Bullous pemphigoid is a rare, chronic condition in which fluid-filled blisters (bullae) erupt on the surface of your skin, usually on your arms and legs. A majority of cases occur in persons 80 years of age or older.
Yet another type of pemphigoid (pemphigoid gestationis) occurs during pregnancy. This leaflet will not discuss cicatricial pemphigoid or pemphigoid gestationis further.;
Bullous pemphigoid (BP) is rare – about seven people in a million develop it each year in the UK.
In people with BP, antibodies are made against the membrane between the top layer of skin (the epidermis) and the next layer (the dermis). Chemical reactions and inflammation in the skin due to this antibody attack causes fluid to build up as blisters between these two layers of skin.
Sometimes an outside event, such as sunburn or a reaction to a drug, seems to trigger the rash but usually it comes out of the blue. It is not infectious, due to allergies, or affected by diet or lifestyle.
Symptoms of bullous pemphigoid include hard, tight blisters on the skin. The skin around the blisters may appear normal, but is often red and swollen. Itching is common.
Some people might only notice a slight redness and irritation on their skin, while others may experience multiple blisters.
The blisters appear as firm, fluid-filled sacs at least 1 centimeter in diameter. They may weep or appear crusty. In some cases, the blisters may form painful, open sores on the surface of your skin.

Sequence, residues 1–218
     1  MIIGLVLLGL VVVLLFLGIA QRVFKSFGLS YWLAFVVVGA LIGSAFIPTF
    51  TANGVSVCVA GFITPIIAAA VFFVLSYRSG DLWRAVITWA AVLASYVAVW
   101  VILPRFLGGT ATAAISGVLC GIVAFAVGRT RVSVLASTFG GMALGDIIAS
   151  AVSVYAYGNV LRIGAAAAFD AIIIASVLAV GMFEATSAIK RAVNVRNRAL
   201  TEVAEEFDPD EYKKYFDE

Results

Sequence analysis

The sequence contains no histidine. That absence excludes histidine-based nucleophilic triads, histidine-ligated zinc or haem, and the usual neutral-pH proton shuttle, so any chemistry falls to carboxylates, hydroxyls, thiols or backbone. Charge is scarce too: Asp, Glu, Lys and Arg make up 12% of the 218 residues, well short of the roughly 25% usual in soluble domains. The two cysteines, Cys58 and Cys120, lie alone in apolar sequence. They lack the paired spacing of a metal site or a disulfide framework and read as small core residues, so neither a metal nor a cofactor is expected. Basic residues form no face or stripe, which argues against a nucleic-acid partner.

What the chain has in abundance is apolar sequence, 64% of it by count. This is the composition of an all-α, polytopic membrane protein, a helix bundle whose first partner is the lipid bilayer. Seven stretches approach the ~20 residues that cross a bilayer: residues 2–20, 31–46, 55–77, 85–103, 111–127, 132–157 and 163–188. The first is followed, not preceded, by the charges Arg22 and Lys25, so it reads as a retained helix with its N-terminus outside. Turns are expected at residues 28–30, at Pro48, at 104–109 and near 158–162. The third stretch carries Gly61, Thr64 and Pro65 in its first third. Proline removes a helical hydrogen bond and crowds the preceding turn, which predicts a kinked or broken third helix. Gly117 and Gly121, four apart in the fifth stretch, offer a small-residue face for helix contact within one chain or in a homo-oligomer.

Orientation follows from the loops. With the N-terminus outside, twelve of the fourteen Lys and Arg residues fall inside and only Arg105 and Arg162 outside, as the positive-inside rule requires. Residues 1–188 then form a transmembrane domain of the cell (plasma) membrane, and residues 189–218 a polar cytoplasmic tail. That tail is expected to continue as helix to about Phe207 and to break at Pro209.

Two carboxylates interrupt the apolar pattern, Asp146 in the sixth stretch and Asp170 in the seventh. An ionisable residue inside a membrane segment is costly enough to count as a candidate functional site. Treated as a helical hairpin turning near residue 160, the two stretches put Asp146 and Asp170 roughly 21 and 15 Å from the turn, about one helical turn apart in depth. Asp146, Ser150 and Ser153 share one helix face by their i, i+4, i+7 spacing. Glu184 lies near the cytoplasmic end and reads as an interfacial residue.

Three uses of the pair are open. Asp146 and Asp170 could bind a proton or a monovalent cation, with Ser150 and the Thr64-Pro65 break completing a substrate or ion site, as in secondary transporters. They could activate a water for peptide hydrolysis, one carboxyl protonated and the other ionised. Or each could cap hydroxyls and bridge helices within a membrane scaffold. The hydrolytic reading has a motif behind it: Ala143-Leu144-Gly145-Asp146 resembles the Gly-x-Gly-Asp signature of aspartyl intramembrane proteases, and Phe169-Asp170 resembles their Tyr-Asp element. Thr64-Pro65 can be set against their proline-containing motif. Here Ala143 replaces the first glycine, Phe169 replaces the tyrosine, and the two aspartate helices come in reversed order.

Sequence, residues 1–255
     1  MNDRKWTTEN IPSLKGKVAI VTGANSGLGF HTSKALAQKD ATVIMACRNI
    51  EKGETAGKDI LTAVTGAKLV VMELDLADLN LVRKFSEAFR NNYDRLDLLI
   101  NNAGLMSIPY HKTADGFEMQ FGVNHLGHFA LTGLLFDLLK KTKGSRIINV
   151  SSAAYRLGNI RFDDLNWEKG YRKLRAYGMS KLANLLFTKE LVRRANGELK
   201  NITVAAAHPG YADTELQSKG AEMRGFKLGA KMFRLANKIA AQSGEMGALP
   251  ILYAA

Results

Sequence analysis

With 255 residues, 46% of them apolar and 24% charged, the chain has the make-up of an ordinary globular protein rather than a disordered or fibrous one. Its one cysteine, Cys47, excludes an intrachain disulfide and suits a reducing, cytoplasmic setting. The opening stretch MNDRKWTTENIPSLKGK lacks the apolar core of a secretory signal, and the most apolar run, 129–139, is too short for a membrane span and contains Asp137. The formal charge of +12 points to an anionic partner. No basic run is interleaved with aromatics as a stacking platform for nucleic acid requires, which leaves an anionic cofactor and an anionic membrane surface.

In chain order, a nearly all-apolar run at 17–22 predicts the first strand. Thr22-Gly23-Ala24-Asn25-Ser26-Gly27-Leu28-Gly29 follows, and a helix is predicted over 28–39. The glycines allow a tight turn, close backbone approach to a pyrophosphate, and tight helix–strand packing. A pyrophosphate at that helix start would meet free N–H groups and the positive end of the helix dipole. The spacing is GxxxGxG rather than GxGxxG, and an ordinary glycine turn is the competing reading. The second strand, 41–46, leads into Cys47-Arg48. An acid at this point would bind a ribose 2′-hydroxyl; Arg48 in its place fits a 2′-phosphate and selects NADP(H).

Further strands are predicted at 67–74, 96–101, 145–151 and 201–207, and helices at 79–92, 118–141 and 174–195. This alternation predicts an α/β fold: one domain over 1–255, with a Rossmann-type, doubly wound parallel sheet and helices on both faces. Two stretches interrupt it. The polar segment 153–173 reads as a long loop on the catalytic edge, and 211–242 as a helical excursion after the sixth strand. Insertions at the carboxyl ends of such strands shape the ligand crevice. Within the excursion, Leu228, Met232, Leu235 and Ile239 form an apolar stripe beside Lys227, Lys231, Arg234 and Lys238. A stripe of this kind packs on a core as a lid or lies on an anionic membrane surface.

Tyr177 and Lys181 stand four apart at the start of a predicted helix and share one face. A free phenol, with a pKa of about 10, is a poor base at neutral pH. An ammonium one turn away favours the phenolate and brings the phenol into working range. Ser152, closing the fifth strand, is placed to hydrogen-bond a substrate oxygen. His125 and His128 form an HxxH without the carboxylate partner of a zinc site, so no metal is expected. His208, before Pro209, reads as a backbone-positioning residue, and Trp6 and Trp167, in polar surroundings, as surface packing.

Common symptoms are-
- Usually located on the arms, legs, or trunk
- May also occur in the mouth
- May weep, crust over
- May appear deep below the surface of the skin
- May erode the skin, form ulcers or open sores
Treatment of bullous pemphigoid can resolve with topical cortisone creams, but sometimes requires high doses of cortisone (“steroids”) taken internally. Recent research has indicated that large quantities of high-potency topical corticosteroids applied to the entire body surface were safer and more effective in controlling extensive bullous pemphigoid than oral corticosteroids.
Treatment is usually needed for several years, but generally after a few months it is possible to reduce the dose of medications to reasonably low levels. BP also often has a pattern of remissions and flare-ups. It may be without symptoms for 5 or 6 years then suddenly flare up.
Treatment for more severe blistering is usually with high doses of steroid tablets to get the pemphigoid under control quickly. This needs careful monitoring, especially in elderly patients or those taking other medicines. Treatment often starts in hospital to ensure good control and so that proper dressings can be put on the blisters and raw areas.